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2006-2007 Awards

E.L. Doctorow, prize-winning novelist and Glucksman Professor in American Letters, has been elected to the American Philosophical Associaton, the oldest learned society in the U.S.

Fabio Piano, biologist and associate professor at NYU’s Center for Comparative Functional Genomics, was selected by the National Human Genome Research Institute to lead one of the teams charged with decoding the genome. The award will create a consortium of scientists who will collaborate in a four-year, $57 million scientific endeavor to understand every part of the genome needed for organisms to develop and thrive.

Martin Guggenheim '71, the Fiorella LaGuardia Professor of Clinical Law, has won the Livingston Hall Award of the American Bar Association Criminal Justice Section, which honors lawyers who have demonstrated a high degree of skill, commitment and professionalism practicing in the juvenile delinquency field.

Madeline Naegle, Nursing, has been appointed to serve as a Peer Reviewer for the J. W. Fulbright Senior Specialists Program (2007-2008). Working with the Council for International Exchange of Scholars, Dr. Naegle will serve on the Public/Global Health Peer Review Committee to identify candidates from around the United States for short-term international exchange opportunities in institutions of higher education and government agencies around the world.

Marion Nestle, Paulette Goddard Professor of Nutrition, Food Studies, and Public Health at the Steinhardt School of Culture, Education, and Human Development, was recently presented with a James Beard Foundation Award for best food reference book of 2006 for What to Eat (North Point Press/Farra, Straus, Giroux). This is her third James Beard Foundation Award.

Randy Hertz, professor of clinical law and director of clinical and advocacy programs, was elected vice-chairperson of the American Bar Association's Council on Legal Education and Admissions to the Bar. Hertz's one-year term begins in September 2007.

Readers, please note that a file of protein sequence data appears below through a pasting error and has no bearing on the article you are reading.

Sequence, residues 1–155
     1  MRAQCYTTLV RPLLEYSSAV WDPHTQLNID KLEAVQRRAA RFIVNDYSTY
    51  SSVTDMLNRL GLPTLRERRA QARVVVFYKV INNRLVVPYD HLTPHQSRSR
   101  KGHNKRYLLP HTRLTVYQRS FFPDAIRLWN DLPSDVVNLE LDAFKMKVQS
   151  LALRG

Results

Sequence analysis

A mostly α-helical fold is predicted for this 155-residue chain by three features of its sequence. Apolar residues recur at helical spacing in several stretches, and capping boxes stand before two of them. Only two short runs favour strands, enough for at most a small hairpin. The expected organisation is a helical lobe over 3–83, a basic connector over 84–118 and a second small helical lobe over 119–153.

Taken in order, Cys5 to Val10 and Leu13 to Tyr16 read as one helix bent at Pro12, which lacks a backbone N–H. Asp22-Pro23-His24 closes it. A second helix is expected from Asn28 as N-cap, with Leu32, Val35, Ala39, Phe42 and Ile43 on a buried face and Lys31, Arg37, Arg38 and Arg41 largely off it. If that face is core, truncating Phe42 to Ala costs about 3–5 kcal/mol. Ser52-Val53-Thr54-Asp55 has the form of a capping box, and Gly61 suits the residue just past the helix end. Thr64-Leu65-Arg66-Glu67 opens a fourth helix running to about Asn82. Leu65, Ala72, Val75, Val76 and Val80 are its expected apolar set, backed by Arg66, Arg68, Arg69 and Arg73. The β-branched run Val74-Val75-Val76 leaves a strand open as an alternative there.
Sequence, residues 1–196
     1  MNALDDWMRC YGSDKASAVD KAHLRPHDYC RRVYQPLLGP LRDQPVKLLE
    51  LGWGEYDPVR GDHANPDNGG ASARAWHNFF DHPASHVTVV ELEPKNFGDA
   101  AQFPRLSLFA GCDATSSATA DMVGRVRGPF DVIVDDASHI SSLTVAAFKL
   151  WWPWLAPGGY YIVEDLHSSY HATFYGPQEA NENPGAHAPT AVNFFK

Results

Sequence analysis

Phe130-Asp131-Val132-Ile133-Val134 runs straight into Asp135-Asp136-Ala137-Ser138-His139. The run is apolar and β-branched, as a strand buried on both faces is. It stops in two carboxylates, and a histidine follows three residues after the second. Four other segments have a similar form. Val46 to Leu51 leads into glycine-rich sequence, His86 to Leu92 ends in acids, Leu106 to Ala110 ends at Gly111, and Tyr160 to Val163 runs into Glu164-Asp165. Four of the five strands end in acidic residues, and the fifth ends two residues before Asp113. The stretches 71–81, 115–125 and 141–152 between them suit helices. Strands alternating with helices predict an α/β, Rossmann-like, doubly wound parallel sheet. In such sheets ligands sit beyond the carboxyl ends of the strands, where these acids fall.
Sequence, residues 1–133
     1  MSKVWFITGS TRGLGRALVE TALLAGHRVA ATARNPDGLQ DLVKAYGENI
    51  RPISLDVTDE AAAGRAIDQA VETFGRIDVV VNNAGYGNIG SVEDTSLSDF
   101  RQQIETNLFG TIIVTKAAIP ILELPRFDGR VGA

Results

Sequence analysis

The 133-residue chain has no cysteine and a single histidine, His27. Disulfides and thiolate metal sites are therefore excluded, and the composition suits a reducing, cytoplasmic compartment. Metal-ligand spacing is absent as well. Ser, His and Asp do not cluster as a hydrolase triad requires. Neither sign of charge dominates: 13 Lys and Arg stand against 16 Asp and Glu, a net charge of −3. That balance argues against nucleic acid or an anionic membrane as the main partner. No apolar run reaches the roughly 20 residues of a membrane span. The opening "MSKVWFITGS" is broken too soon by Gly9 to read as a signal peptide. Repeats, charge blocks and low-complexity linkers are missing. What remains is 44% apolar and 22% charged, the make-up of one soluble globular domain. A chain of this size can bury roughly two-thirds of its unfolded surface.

Richard Stewart, School of Law, is a finalist for the Tyler Prize for Environmental Acievement, the premier award for environmental science, energy and medicine, which is akin to the Nobel Prize for the environment.

The UN Human Rights Council appointed Philip Alston, School of Law, to an expert group on the Darfur crisis. The group has been asked to work with the Sudanese Government, African Union human rights mechanisms and others to promote respect for UN resolutions aimed at restoring respect for human rights. The group is requested to report in June.

The American Society for Legal History named Daniel Hulsebosch, School of Law, the winner of its first John Philip Reid Book Award for his recent work, Constituting Empire: New York and the Transformation of Constitutionalism in the Atlantic World, 1664-1830. This annual award, named for the prolific legal historian John Philip Reid, is for the best book published in English in any of the fields broadly defined as Anglo-American legal history.

Alexandra Leigh Joyner, School of Medicine, Spike Lee, Kanbar Institute, Tisch School of the Arts, Richard Revesz, School of Law, Stephen Schiffer, Philosophy, Faculty of Arts and Science, and Richard Sieburth, French and Comparative Literature, Faculty of Arts and Science, were elected to the American Academy of Arts and Sciences.

Finbarr Barry Flood, Fine Arts, Faculty of Arts and Science, and Ali Mirsepassi, Gallatin School of Indvidualized Study, have been named Carnegie Scholars by the Carnegie Corporation of New York. Carnegie Scholars are appointed to pursue research advancing the strategic work of the corporation, studying themes focusing on Islam and the modern world.

Nicola Persico, Economics, Faculty of Arts and Science, was awarded the inaugural 2007 Carlo Alberto Medal, which recognizes an Italian economist under the age of 40 for his or her outstanding research contributions to the field. The award was given by the Collegio Carlo Alberto, a foundation created in 2004 by the Compagnia di San Paolo and the University of Torino. Its mission is to foster research and teaching in economics, finance, and political science.

Dorothy Durkin, School of Continuing and Professional Studies, was awarded the University Continuing Education Association's (UCEA) Walton S. Bittner citation for outstanding service to both NYU SCPS and UCEA, the principal organization for continuing education in the United States.